By Porter Anderson, Editor-in-Chief | @Porter_Anderson
‘I’m Doing It To Put a Face on Space’You don’t expect an author with more than 100 million copies of her books sold into 36 languages and 120 countries to tell you that she’s out on a limb.
But Patricia Cornwell tells Publishing Perspectives in an interview from London that one of “the challenges I did not anticipate” in writing her new novel Quantum (October 1) was a lack of the structure that has effectively served her through at least 29 New York Times bestsellers, starting in 1990 with Postmortem.
With her long-running main character, the medical forensic examiner Dr. Kay Scarpetta, “I’ve had an in-built formula called a procedural,” Cornwell says. “And in the course of that, you might get a huge dose” of storytelling energy “from a forensic fire investigation.
“But I don’t have a procedure for this. This is going to have to segue more into the world of spying and dealing with the enemy that can harm you remotely, someone you can’t seen, not the guy crawling through your window.”
And the guy interviewing her onstage about new Scarpetta novels, for that matter, hasn’t in the past been the former director of NASA’s Langley Research Center, either. But there he was, David E. Bowles, earlier this month, at NASA Langley, chatting with Cornwell at the Pearl Young Theater about Quantum for a private audience of space industry specialists.
The pivot here is a huge one for a writer so deeply vested in a career of crime writing.
Cornwell is boldly going into space, and with Spin, the second novel in her new series set for an August 2020 release, “We’re going to be launching people,” she says, into a new world of storytelling in which “the whole chemistry had to change. I had a lot of time to spend on that, trying to figure out how you tell the story when it’s not a murder mystery and is never going to be.”
If anything, a murderer might look pretty good by the time she gets deep into her new series. “Because in this world of technology” she’s capturing with the help of the space-industry advisors she’s spent two years with, one wrong move “can result not only in fatalities but mass fatalities.
“If you hijack a rocket and send it in the wrong direction, you could kill thousands of people.” And when “you’re not dealing with the psychopath, the serial killer, the jealous stalker, you basically aren’t going to have neat tidy endings.”
That doesn’t, however, mean you can’t have a thriller. From the book:
“Not that Mom wouldn’t understand the sleight of hand required if we’re to keep certain information under wraps and away from the scrutiny of those nations and entities that would be much too interested. My NASA mother would understand. But she can’t be told that the Low Earth Atmospheric Reader wasn’t actually launched two weeks ago. Something else was that isn’t simply another scientific instrument for measuring ozone or global warming, or deflecting space debris moving 10 times faster than a speeding bullet.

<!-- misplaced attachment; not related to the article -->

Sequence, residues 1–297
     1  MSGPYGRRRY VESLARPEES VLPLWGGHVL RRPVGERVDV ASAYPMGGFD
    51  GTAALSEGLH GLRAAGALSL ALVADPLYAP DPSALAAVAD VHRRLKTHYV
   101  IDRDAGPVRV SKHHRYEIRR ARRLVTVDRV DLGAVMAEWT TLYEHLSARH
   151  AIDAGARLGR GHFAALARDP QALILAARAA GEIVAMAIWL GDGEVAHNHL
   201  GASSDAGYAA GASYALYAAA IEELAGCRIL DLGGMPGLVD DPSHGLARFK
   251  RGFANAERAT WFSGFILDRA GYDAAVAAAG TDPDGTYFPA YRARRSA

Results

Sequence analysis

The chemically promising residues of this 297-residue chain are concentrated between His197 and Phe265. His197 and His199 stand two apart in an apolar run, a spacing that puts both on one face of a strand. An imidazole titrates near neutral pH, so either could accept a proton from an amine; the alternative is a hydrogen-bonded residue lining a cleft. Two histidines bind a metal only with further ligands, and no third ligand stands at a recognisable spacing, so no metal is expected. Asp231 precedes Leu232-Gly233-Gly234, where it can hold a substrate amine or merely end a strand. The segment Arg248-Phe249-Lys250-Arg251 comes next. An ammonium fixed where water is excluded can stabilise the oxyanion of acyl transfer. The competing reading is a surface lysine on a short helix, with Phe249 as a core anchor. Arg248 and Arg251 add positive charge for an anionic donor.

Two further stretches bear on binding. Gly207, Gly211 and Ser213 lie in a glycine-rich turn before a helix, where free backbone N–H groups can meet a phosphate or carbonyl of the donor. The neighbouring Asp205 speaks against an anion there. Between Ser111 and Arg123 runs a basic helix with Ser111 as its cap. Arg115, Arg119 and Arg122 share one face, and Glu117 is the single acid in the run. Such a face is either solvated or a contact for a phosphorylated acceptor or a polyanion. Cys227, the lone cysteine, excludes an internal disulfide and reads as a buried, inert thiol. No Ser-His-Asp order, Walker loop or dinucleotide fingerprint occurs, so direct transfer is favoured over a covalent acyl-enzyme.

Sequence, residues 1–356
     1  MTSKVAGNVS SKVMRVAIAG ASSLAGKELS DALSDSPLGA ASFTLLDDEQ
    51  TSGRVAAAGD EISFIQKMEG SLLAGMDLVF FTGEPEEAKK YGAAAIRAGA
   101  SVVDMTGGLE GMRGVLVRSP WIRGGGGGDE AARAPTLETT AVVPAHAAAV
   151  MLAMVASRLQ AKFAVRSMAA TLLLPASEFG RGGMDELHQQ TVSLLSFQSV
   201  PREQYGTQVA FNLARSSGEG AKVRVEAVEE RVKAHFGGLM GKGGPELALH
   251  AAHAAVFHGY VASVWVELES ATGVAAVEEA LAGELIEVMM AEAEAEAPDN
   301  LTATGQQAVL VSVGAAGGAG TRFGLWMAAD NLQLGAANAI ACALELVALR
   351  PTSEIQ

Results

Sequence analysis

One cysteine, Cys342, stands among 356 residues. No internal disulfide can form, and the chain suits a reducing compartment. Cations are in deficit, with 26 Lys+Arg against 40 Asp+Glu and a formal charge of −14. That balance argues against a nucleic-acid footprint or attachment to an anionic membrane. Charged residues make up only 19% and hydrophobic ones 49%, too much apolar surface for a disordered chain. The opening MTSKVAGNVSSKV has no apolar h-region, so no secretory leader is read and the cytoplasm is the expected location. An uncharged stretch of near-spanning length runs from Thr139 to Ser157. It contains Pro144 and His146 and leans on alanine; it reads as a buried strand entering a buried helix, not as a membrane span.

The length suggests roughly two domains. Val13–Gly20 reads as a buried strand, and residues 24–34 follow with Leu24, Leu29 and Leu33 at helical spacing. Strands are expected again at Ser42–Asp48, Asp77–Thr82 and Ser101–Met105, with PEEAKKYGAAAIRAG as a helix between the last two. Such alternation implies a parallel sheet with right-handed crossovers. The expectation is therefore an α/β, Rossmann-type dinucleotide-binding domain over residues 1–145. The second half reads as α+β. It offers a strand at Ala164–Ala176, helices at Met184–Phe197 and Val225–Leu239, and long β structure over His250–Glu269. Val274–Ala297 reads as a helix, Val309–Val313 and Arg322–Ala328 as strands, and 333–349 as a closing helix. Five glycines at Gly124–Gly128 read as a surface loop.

“I’m quite confident Mom has no clue about what’s actually being installed in about three hours during a complicated and dangerous EVA. She’d have to be in bed with the intelligence community to be aware.”
‘We Judge People in Ways We Shouldn’t’
In making such a dramatic change in her writing trajectory, Cornwell has returned to Amazon Publishing, to editorial director Grace Doyle’s Thomas & Mercer imprint, with which the author first worked in March 2017 on her nonfiction Ripper: The Secret Life of Walter Sickert.
She says she liked the experience of working with Doyle and her team, with the marketing power of Amazon’s retail muscle, and with the Kindle in Motion tech that’s applied to the ebook editions of her work in Seattle.
In her new Capt. Chase series—Quantum is the first title in the series—Cornwell has created a new “heroine for the 21st century,” as Doyle describes Capt. Calli Chase, a NASA physicist, pilot, and an aspiring astronaut.
Chase’s twin sister Carme is a decorated military officer, also with her eyes on space travel but potentially getting into the dark side with a recent disappearance that sends Calli Chase into the tunnels below Langley Research after a terrifying flash forward.
“Shoving wadded bloody paper towels into the trash . . . Didn’t see it coming when I showed up for my assignment . . . Exactly 21 minutes ago . . . Glancing every other second at the digital time glowing green between the American and Space Command flags in polished wooden stands . . . Darting about, water drumming in the sink.”